Scottsdale high school teacher Steve Speisman was shopping at his neighborhood Safeway store one night last week when he spotted a sign above the customer service counter.
It stated that donations were being collected to help the victims of Hurricane Katrina.
"People were waiting in line to give money," he said. "This is the soul of America, man. And that was the same soul that was there on Sept. 11."
Speisman came to recognize that soul following the death of his younger brother, Bob, who was aboard one of the passenger jets that terrorists commandeered during the attacks four years ago today.
Americans are more compassionate, more generous and stronger than they were in 2001, Speisman said.
The people in line at Safeway were just a few among many. Like-minded people in cities across the country have welcomed Gulf Coast residents displaced by the hurricane.
"The bottom line is the American people are speaking," said Speisman, a specialeducation teacher. "Americans are standing up and saying, ‘Hey, man, you can’t just push us over. We’re America."
Speisman, 54, wrote a short story about his brother and how he dealt with loss for the "Chicken Soup for the Soul" book series. They grew up in the Queens section of New York. The two shared a bedroom and nearly everything else in those days.
During the years, Speisman moved to Scottsdale and his brother became a jewelry executive and moved to Irvington, N.Y. But they spoke by phone frequently.
They talked and joked about their families, jobs, movies, sports and Bob Dylan, their favorite singer. The last time they got together was on Speisman’s 50th birthday. Bob was in Phoenix for a gem show. They had dinner and hung out at the resort where Bob was staying.
Bob boasted that either the New York Mets or the New York Yankees were certain to knock off the Arizona Diamondbacks in the coming 2001 baseball playoffs. Speisman countered that Arizona’s team would handle all comers.
Bob was dead before the Yanks and D-Backs met in the World Series. He was 48 when terrorists commandeered Flight 77 from Washington and crashed into the Pentagon.
Bob had been in the capital to visit his daughter, Tara, and Speisman’s daughter Julie, who were in college and law school. From Washington, he was headed to the West Coast. He originally had planned to leave Washington on Sept. 10, but extended his stay an extra day.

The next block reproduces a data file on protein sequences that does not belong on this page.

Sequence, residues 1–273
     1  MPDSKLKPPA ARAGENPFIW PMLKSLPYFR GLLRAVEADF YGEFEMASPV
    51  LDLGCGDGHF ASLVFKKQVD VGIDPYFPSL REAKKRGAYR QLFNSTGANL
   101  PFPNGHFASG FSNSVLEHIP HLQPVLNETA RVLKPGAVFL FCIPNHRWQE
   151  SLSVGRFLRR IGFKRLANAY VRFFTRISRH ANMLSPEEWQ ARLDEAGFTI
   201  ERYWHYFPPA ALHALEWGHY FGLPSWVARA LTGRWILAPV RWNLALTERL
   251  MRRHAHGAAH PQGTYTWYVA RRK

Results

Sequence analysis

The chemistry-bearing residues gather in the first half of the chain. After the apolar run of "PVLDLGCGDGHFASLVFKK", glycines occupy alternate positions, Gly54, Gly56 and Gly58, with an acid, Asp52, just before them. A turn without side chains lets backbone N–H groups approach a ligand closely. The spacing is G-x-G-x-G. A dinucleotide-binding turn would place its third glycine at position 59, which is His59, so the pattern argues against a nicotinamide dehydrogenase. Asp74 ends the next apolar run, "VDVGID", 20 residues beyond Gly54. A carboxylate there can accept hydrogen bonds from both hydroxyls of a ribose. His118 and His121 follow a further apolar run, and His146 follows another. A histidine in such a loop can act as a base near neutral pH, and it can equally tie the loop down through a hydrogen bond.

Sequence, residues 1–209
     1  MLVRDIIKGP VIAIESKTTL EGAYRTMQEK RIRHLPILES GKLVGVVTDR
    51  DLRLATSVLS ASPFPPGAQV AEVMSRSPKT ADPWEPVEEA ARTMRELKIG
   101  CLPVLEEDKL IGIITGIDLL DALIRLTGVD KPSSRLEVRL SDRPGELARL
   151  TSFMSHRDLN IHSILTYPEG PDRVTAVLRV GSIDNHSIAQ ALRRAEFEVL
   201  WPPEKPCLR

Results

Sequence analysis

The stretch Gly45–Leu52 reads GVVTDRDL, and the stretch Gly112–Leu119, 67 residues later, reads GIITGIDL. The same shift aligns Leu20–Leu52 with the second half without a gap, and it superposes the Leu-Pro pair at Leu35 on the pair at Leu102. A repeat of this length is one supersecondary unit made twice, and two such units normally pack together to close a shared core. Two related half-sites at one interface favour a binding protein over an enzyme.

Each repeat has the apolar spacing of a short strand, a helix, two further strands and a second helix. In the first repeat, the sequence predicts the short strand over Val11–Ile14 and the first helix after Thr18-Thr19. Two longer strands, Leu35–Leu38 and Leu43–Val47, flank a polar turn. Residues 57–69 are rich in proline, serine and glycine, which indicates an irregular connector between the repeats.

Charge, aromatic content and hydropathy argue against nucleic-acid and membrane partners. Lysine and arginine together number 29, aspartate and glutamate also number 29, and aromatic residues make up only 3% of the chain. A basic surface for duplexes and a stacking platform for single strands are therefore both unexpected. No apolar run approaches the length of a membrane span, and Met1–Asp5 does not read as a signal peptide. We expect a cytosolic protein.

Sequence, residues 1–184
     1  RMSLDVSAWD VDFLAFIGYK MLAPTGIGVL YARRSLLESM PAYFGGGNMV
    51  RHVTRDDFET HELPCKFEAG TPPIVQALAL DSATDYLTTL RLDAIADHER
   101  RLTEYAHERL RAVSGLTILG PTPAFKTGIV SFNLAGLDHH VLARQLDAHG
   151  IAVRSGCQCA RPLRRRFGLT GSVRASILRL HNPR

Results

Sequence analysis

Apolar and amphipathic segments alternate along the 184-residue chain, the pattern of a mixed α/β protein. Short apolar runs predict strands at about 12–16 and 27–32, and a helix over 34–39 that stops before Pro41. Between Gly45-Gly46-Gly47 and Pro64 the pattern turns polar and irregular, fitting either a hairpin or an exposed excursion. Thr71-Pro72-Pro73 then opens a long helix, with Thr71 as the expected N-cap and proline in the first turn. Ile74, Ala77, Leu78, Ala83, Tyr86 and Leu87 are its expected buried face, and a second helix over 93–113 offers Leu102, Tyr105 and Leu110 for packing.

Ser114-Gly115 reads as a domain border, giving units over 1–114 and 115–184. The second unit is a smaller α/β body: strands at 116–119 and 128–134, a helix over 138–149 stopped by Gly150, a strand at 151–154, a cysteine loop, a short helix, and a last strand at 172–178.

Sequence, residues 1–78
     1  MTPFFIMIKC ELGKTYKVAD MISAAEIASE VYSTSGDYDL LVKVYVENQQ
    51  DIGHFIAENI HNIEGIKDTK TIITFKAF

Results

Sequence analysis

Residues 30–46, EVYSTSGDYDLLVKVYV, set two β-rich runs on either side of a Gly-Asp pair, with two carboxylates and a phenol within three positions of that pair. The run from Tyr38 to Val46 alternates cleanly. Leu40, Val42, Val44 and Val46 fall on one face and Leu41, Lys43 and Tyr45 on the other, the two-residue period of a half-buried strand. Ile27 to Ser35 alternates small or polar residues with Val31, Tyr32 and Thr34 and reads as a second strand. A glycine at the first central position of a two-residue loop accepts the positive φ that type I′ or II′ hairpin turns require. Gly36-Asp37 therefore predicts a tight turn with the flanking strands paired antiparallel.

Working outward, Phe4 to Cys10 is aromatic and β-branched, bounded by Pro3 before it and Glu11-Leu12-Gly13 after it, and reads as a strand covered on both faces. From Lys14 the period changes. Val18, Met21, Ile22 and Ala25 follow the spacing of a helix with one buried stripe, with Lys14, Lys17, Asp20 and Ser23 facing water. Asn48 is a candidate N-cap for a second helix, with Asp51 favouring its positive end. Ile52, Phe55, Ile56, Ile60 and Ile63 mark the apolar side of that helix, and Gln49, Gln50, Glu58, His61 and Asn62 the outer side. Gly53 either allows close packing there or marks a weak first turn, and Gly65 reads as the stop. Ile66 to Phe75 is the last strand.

Speisman learned about the attacks when he was at school in Scottsdale. He immediately was concerned about their daughters. Finally, he received a call from Julie, who said she was OK.
"I felt elated. Then the next sentence was, ‘Dad, sit down. Uncle Bobby’s dead.’ I just went into the Twilight Zone, you know. Left school. Came home. Sat down. Put the TV on, and it wasn’t until I saw his name on the passenger list scrolling across the TV that it really freaked me," he said.
But the unexpected pride and generosity of people across the country helped him restore his composure.
Four years later, the beautiful repercussions of Sept. 11 are on display again. Americans have learned how to respond to tragedy. They’re showing it at the front counter at Safeway.
MESA: Boy Scouts will launch a "Patriots Day Commemoration’’ with a 100-flag procession at 7:30 p.m. at Valencia Park, 634 N. Quail Circle. Rep. Jeff Flake, R-Ariz., and Rep. Chuck Grey, R-Mesa, will speak, and the Arizona Mormon Choir and Orchestra will perform. For information, call (480) 985-5899.
GILBERT: Gilbert will hold a memorial service at 8 a.m. at the flagpole in front of the Gilbert Public Safety Complex, 75 E. Civic Center Drive. For information call (480) 503-6766.
TEMPE: A Community Observance and Remembrance Ceremony begins 6:45 a.m. at Fire Station 1, 1450 E. Apache Blvd. The names of firefighters, police officers and port authority personnel lost will be read aloud. For information call (480) 350-8906.
CHANDLER: American Legion Post 35 and its auxiliary invite the community to attend a Patriots Day program at 7:15 p.m. at the post garden, 2240 W. Chandler Blvd. For information, call (480) 963-1843.